Many years before the concept was applied to healthcare, a learning organisation was defined as “an organization skilled at creating, acquiring, and transferring knowledge, and at modifying its behaviour to reflect new knowledge and insights” .
The idea was introduced to healthcare in 2007 by the United States Institute of Medicine (IoM, now the National Academy of Medicine) , which later defined it as a system in which “science, informatics, incentives, and culture are aligned for continuous improvement and innovation, with best practices seamlessly embedded in the delivery process, [with] patients and families active participants in all elements, and new knowledge captured as an integral by-product of the delivery experience” .
On the face of it, the definitions above are comprehensive, but not very specific. Almost any health system can claim to be a Learning Health System, in that there are scientific processes, informatics and incentives in play. Knowledge is usually captured in some form or other, and most systems at least claim to seek improvement. However, there are few, if any systems in which these elements are fully aligned for continuous improvement and innovation.
Figure A The Learning Health System Framework.
Importantly, the focus is on collecting data to generate knowledge and applying it to improve practice (the hub of Figure A).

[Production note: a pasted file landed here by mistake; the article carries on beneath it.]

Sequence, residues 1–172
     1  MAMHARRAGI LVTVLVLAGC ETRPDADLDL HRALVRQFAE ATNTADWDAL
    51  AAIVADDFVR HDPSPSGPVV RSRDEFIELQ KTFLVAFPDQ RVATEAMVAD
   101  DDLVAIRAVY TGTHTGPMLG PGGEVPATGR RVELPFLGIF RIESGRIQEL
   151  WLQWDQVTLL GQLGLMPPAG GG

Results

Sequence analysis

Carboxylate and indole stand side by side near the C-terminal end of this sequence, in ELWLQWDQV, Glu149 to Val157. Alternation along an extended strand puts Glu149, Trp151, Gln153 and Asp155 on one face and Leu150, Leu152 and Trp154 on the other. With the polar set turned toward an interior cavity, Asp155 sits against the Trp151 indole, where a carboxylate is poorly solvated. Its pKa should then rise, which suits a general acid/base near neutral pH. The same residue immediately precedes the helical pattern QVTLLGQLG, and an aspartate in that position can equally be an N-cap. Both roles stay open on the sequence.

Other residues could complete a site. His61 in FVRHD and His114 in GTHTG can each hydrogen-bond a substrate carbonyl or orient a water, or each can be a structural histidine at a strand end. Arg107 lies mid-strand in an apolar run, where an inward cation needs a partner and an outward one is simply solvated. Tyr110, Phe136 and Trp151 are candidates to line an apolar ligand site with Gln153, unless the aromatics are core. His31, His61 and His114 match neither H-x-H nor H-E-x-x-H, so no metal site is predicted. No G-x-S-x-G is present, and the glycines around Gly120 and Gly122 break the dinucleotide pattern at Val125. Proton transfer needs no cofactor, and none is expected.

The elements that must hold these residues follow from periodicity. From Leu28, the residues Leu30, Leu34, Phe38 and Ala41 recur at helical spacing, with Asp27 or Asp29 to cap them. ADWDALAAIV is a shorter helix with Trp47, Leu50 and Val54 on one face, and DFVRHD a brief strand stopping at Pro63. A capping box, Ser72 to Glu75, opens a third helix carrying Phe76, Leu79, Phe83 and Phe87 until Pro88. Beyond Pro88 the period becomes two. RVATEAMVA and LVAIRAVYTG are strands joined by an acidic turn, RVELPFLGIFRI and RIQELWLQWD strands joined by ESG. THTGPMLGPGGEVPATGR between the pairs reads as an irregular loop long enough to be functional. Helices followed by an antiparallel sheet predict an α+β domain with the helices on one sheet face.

In most cases, data come from Electronic Health Records, clinical registries or other routinely collected sources. Data are analysed by communities of practice or by a range of quantitative methods, often devised by academic health centres, public bodies or commercial organisations . The knowledge generated is then used to change practice by informing deliberative processes or by directly feeding decision support systems.
Learning Health Systems have been called many different things, including data hubs, living labs, innovation or informatics hubs, learning networks, learning laboratories, community-clinician participatory data healthcare research, data driven improvement initiatives, interventional informatics, practice-based data networks, circular data-driven healthcare, Learning Healthcare Systems and Rapid Learning Health Systems .
It is important to recognise that a Learning Health System is an ongoing journey rather than a destination; the very concept of a Learning Health System is that there is always something new to learn . They conduct similar activities regardless of scale, giving them a fractal property. This means that many elements will be reusable as Learning Health Systems scale up. Figure A shows that each of the elements considered in this report can be co-designed at the local, regional, national and international level.
There is necessarily an interdisciplinary science developing around the Learning Health System concept, evidenced by the formation of new university departments , conferences [9, 10] and an academic journal .